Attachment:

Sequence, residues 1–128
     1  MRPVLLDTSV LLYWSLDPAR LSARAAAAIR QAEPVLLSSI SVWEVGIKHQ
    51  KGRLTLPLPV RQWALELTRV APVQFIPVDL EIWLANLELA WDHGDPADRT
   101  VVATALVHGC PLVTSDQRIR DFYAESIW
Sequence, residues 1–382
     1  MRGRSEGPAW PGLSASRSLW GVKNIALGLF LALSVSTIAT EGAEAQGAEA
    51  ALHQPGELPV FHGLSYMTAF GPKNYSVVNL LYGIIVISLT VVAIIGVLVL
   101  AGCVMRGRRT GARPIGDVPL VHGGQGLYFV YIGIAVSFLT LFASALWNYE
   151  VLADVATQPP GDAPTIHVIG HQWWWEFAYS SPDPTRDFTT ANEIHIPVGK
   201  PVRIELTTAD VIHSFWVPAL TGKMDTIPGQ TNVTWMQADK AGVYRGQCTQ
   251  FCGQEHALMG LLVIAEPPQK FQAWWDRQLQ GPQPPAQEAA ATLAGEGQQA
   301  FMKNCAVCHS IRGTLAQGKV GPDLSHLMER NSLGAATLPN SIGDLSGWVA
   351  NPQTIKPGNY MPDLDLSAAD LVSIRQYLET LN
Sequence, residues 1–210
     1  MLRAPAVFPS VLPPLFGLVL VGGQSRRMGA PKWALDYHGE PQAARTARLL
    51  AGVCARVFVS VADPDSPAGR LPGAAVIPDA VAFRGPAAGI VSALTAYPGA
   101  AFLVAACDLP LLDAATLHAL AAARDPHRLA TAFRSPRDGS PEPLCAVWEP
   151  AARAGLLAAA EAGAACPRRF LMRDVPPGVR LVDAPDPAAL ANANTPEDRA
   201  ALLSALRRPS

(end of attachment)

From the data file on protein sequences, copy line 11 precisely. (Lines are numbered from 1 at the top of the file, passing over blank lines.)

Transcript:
   251  FCGQEHALMG LLVIAEPPQK FQAWWDRQLQ GPQPPAQEAA ATLAGEGQQA